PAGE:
With 6 drives in RAID 10 one will get 3 drives effective storage and 3 redundant drives, so in a best case scenario up to 3 drives can fail without loosing any data. But in a worst case scenario (now correct me if I'm wrong) even two failed disks could make the whole array fail (if those drives are mirrored onto each other, like in this array).

Is there a way around this possible failing state? I am liberal regarding software RAID and non-standard RAID setups, so maybe there is some way? Or it could just be me having bad luck thinking. If so - please explain to me how things really work. :)

  • It's a bit broad a question since there are many ways to build raids, though you are correct in your assumption. Consider reading: en.m.wikipedia.org/wiki/RAID – Mattias Åslund Dec 12 '13 at 18:38
  • Are you trying to avoid two-drive failures bringing down the whole array? If so, RAID6 is what you are looking for. Or are you looking to survive failure of any three drives? – ChrisInEdmonton Dec 12 '13 at 18:41
  • RAID 6 would be an option, but it would be really nice to have the speed of RAID 10, why I wanted to do some research on this first. But RAID 6 (or RAID Z2 even) maybe will be my best alternative? – lindhe Dec 12 '13 at 18:45
  • ChrisInEdmonton: No, I will settle at any two drives. I think I will go for RAID 6 (or more likely RAID Z2, since I don't want to invest in a RAID card). RAID Z2 have greater fault tolerance than 10, and since this will be on a NAS on a Gigabit network I won't be able to utilize of all that extra speed from RAID 10. – lindhe Dec 12 '13 at 21:19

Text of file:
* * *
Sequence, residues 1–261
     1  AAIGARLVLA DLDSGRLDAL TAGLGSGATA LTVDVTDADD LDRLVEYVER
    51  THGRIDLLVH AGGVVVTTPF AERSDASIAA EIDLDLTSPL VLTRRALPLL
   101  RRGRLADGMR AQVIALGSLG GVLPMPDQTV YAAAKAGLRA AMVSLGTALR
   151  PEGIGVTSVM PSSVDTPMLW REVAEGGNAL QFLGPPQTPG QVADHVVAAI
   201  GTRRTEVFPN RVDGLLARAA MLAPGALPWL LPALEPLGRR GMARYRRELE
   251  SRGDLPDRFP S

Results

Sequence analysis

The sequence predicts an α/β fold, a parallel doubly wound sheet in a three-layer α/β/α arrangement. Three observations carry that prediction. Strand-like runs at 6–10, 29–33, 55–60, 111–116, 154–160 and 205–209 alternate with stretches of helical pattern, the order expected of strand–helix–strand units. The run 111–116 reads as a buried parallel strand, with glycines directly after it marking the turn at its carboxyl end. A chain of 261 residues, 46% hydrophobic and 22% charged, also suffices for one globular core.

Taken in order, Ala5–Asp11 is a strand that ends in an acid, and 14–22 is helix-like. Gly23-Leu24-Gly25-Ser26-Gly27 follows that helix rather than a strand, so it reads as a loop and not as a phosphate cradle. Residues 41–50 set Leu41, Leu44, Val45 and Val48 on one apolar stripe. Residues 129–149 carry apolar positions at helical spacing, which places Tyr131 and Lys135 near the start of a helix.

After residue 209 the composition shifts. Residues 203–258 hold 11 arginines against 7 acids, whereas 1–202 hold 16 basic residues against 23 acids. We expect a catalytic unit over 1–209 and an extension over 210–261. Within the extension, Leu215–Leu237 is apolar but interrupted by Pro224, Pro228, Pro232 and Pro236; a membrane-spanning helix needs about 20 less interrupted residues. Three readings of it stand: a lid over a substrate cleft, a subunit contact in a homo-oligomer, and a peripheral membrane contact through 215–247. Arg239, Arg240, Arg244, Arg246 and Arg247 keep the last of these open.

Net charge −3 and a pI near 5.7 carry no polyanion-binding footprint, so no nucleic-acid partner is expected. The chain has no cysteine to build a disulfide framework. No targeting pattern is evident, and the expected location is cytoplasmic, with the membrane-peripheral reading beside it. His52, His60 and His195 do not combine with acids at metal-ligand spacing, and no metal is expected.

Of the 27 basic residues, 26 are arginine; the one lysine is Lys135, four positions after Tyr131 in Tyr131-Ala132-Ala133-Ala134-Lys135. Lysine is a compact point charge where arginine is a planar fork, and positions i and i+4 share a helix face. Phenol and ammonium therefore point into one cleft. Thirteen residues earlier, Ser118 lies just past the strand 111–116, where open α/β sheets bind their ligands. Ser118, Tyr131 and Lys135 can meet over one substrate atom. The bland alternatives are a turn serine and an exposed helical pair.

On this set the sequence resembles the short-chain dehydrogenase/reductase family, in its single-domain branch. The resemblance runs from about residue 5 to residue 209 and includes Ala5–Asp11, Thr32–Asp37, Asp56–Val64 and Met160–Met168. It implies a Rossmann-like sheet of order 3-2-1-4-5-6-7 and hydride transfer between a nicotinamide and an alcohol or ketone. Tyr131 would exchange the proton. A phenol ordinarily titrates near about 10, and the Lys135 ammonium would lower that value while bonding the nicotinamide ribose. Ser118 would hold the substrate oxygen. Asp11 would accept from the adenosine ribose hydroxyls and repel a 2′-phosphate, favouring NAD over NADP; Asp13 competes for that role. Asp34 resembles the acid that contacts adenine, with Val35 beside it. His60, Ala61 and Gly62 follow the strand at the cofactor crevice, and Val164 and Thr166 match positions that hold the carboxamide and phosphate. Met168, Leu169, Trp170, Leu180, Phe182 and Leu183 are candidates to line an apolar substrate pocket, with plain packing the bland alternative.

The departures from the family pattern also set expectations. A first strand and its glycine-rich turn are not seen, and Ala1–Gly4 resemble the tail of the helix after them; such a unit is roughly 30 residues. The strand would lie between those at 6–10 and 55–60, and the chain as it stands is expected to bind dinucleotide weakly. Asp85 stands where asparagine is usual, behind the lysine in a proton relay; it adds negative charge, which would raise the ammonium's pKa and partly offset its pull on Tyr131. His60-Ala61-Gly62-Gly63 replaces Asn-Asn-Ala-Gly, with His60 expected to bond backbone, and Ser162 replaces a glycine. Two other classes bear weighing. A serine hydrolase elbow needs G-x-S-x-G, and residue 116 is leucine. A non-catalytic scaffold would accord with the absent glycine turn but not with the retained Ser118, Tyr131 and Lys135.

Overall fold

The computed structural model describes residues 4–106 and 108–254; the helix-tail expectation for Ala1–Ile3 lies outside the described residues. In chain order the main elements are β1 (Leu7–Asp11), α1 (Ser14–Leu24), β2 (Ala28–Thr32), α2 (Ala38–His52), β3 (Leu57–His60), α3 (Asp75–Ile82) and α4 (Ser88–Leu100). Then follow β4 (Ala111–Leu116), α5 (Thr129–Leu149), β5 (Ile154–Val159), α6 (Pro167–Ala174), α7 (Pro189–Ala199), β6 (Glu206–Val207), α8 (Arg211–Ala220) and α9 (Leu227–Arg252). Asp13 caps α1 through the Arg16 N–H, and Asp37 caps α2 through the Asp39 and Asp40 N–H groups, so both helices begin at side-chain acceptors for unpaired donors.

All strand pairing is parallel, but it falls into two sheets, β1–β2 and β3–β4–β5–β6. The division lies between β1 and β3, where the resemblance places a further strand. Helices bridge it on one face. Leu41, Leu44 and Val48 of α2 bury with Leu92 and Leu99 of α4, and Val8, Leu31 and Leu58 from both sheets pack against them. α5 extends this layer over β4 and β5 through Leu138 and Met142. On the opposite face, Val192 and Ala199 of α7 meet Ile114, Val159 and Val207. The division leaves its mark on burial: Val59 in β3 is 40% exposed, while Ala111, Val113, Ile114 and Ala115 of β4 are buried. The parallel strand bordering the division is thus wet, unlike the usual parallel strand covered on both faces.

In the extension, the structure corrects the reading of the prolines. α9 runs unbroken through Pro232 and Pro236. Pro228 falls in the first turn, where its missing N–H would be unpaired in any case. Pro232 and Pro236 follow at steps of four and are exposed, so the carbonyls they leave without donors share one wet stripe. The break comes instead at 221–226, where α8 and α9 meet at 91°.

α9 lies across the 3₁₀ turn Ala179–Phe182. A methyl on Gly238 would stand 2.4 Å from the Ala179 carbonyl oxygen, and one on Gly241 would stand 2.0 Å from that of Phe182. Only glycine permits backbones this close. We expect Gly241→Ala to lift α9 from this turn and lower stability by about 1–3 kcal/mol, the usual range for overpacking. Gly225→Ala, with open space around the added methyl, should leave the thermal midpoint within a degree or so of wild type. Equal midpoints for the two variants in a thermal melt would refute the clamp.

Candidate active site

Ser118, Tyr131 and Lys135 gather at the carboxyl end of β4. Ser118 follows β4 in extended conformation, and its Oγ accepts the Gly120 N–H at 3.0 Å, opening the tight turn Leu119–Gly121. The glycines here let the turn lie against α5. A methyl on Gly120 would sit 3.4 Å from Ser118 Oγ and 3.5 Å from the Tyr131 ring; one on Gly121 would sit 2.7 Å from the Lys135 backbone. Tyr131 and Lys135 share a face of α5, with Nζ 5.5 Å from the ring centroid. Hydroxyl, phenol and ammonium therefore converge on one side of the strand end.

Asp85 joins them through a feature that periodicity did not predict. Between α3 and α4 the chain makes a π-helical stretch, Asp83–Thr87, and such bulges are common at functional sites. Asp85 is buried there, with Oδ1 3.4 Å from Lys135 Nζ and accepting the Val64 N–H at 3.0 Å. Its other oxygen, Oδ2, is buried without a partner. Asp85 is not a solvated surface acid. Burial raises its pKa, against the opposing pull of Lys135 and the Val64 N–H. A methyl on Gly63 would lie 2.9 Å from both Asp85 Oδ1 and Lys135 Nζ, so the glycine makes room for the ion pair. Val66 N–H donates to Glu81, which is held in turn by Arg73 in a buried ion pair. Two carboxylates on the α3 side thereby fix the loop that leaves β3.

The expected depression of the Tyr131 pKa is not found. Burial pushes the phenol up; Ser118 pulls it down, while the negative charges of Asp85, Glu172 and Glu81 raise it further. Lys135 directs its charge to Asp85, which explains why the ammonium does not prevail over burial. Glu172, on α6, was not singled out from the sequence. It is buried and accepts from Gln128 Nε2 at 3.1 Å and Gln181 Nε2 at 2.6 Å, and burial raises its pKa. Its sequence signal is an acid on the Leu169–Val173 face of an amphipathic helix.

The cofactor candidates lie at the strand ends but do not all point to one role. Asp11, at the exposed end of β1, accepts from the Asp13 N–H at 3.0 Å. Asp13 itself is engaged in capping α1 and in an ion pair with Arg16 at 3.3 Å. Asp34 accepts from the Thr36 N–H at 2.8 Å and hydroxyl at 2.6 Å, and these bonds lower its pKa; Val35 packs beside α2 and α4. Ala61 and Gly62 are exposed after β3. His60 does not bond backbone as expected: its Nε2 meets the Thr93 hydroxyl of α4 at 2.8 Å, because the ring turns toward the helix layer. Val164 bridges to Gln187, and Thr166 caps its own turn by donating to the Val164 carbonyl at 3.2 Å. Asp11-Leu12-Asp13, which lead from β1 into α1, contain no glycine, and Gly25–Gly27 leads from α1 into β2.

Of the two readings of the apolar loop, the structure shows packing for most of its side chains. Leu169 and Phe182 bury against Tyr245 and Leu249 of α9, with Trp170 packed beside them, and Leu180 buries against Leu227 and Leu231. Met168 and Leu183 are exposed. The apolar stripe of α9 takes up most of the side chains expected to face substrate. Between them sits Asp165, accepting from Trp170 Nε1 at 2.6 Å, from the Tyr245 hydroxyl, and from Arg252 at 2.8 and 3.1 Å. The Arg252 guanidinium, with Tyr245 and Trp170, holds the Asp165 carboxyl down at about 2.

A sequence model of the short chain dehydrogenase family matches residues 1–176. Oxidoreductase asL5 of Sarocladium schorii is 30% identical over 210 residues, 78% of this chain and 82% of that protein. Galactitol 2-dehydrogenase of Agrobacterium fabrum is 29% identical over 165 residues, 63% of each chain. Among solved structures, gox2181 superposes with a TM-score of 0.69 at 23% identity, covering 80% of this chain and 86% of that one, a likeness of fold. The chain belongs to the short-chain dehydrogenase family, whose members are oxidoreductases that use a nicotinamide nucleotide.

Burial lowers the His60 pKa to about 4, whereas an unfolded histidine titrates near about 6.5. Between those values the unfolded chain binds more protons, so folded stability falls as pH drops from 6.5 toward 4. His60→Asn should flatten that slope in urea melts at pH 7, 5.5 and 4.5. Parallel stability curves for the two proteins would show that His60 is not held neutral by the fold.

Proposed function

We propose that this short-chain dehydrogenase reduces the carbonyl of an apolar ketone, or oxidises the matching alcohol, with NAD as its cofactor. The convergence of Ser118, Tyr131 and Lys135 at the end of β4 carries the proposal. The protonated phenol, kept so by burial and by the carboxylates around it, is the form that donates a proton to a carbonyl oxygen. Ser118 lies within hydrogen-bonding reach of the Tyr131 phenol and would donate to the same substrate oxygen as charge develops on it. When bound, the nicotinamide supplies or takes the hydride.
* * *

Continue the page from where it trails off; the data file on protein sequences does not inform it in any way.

• If you are doing Linux software RAID10, which does a lot of weird things above and beyond a standard RAID10, you can setup n mirrors so long as your number of disks is at least n+1. By that I mean you could have N copies of every chunk instead of just the standard 2 copies. The more copies you have the less storage space you will have available. – Zoredache Dec 13 '13 at 0:50

You're over-thinking this. Regardless of RAID setup, they are not infallible. They are there to increase the odds that a disk failure (or perhaps even two) won't cause the system to crash, but can never totally eliminate the fact that drives fail.

Think of it this way: "What if my RAID Controller fails?" -- You're down, regardless of how many drives or what RAID configuration you chose.

RAID exists (primarily) to help keep up-time (and perhaps help with disk access speeds), Backup is there to prevent you from losing data. The two are NOT the same thing, and you should have both(unless uptime isn't a big deal, then just make backups).

  • That is true. But this is the system that I do my backups to, therefore I concentrate primarily on making the data more "secure" rather than backing up the data. One could think of redundancy as creating disk with much lesser probability of failing, which would be to prefer as a backup solution compared to a drive with greater risk of failure. – lindhe Dec 12 '13 at 21:12
  • @Lindhea "One could think of redundancy as creating disk with much lesser probability of failing", One SHOULD think of it like that. :) Once shouldn't think that there is a magic RAID level that will protect against any drive failure regardless of the number of failed drives or the arrangement they are in. :) Keep in mind to if you are backing up to a backup server, then you have TWO copies of it (the backup and the original). – Ƭᴇcʜιᴇ007 Dec 12 '13 at 22:01

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